SELECT Completes Randomization More than Two Years Ahead of Schedule
A large-scale clinical trial to investigate whether supplementation with the antioxidants vitamin E and selenium can prevent prostate cancer has just about completed enrollment of 32,400 participants, more than two years ahead of schedule. The NCI-sponsored trial - dubbed SELECT, for Selenium and Vitamin E Cancer Prevention Trial - began enrolling patients in August 2001. Achieving the randomization goal was expected to take approximately five years. Instead, it will take approximately 34 months, with randomization set to cease on June 24.
To complete randomization of this many participants in such a short period is rarely seen, said Dr. Charles A. Coltman, Jr., chair of the Southwest Oncology Group (SWOG), which is coordinating the trial. "This accomplishment is a tribute to the men who have volunteered to participate in SELECT at a rate of 1,000 a month and to the researchers and clinical research associates who did a masterful job of recruitment."Read more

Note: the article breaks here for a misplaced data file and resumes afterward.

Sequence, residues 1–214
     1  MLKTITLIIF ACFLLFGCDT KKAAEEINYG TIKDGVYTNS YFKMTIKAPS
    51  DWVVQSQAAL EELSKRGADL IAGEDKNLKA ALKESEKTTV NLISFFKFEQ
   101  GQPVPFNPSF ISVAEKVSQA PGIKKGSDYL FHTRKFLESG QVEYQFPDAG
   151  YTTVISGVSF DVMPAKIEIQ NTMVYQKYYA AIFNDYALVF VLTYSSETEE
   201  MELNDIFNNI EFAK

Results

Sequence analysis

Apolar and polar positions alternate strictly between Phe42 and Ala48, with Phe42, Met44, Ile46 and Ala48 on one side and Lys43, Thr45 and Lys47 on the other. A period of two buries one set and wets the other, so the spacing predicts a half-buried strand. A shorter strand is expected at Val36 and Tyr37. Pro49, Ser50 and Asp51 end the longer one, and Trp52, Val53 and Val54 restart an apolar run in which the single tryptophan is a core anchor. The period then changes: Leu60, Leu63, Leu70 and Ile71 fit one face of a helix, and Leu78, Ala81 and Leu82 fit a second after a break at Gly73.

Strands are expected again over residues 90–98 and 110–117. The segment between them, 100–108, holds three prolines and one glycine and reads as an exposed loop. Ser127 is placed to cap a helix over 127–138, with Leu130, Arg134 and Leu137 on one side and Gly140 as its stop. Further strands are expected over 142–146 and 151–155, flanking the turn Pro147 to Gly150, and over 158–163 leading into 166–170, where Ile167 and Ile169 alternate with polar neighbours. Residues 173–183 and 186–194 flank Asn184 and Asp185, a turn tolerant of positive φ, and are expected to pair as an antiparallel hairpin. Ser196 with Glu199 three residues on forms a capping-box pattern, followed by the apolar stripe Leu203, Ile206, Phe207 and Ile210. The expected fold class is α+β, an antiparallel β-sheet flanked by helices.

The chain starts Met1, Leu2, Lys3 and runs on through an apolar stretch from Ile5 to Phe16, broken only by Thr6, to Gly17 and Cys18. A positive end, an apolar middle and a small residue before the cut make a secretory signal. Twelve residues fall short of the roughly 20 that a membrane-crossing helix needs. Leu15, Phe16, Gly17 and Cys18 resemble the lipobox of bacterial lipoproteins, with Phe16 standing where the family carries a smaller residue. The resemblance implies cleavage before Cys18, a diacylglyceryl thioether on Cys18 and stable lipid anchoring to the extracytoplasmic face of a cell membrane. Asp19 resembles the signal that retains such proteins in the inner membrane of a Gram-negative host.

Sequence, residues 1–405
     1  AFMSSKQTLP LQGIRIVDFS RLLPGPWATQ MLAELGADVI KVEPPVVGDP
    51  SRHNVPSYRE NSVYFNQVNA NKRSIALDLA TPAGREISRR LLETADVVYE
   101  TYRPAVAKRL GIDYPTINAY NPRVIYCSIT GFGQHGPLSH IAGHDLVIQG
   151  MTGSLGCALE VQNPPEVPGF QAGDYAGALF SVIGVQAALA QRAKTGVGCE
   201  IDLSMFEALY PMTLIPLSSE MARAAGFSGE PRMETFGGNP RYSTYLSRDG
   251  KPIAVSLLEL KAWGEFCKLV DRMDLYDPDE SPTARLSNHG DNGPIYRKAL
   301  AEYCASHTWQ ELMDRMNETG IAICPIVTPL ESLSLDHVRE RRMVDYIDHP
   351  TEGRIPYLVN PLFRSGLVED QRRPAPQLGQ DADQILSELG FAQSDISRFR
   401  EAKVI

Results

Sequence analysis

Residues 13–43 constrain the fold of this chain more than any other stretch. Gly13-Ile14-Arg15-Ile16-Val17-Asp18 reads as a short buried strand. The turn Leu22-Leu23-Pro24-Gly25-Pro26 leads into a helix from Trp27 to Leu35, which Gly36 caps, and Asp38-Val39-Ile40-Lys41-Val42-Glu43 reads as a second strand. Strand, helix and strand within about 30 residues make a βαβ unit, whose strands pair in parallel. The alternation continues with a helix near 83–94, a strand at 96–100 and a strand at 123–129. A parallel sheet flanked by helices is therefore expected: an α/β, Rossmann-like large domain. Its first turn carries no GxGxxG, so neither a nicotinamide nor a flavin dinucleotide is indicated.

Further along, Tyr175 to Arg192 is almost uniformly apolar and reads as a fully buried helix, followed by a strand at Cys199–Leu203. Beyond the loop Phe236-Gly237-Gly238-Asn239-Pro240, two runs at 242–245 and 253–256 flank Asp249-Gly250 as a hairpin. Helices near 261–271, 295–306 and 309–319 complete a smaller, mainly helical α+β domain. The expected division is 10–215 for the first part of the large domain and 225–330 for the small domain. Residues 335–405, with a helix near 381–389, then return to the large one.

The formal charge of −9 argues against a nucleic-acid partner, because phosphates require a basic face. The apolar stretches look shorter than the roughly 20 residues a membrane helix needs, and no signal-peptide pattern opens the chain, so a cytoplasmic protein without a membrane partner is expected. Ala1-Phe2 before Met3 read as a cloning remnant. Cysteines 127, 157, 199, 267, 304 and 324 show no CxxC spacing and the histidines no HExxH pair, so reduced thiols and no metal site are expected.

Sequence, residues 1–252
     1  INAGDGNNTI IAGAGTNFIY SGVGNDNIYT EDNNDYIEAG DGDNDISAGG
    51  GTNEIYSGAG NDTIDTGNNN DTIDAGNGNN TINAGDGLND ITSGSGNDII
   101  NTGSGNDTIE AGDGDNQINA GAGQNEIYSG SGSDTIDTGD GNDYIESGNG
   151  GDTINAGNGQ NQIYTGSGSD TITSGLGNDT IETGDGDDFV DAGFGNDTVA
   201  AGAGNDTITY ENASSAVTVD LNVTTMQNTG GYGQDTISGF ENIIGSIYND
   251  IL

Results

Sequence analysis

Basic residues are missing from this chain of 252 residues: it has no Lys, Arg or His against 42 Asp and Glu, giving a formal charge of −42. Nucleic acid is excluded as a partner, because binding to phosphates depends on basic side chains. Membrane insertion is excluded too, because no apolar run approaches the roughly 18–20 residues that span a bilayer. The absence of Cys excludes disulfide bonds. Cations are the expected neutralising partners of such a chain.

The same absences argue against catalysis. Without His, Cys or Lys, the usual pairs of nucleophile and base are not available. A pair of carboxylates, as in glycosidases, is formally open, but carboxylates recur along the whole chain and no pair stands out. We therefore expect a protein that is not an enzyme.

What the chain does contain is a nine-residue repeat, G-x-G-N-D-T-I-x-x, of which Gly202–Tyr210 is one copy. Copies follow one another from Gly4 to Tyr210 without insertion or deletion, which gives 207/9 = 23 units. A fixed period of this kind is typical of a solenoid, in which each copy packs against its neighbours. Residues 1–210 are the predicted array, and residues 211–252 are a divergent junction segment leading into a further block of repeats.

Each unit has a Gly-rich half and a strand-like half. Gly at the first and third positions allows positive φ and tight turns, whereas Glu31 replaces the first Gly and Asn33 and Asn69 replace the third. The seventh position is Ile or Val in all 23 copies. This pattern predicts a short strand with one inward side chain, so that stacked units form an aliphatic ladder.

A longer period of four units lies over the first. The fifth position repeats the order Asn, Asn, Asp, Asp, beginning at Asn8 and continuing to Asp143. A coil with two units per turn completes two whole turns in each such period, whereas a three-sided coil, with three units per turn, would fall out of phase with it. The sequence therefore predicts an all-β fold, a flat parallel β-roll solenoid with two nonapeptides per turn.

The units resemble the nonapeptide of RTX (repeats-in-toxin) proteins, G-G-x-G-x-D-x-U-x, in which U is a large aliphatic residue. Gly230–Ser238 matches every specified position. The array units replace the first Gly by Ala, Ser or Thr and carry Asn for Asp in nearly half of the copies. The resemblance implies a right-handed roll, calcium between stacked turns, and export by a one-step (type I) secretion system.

Collaboration Driving Progress in Survivorship
One of the most rewarding aspects of my position as director of the National Cancer Institute (NCI) has been the opportunity to witness the emergence of vital new initiatives and areas of research. In particular, it's been gratifying to see the rapid evolution of research into the needs, problems, and realities of cancer survivors. At NCI, we've made survivorship research a top priority. We are directing and conducting research on an abundance of important topics, including long-term follow-up of childhood cancer survivors, healthy behaviors for all survivors, and unique issues faced by cancer survivors from underserved populations.
The fact that survivorship is such a burgeoning area of research is evidence of the tremendous progress we have made - progress that clearly portends a future in which we can achieve the goal of eliminating the suffering and death due to cancer by 2015. My optimism is well-founded: the number of people who have survived more than five years after being diagnosed with cancer has more than tripled, from 3 million in 1971 to nearly 10 million cancer survivors alive today.Read more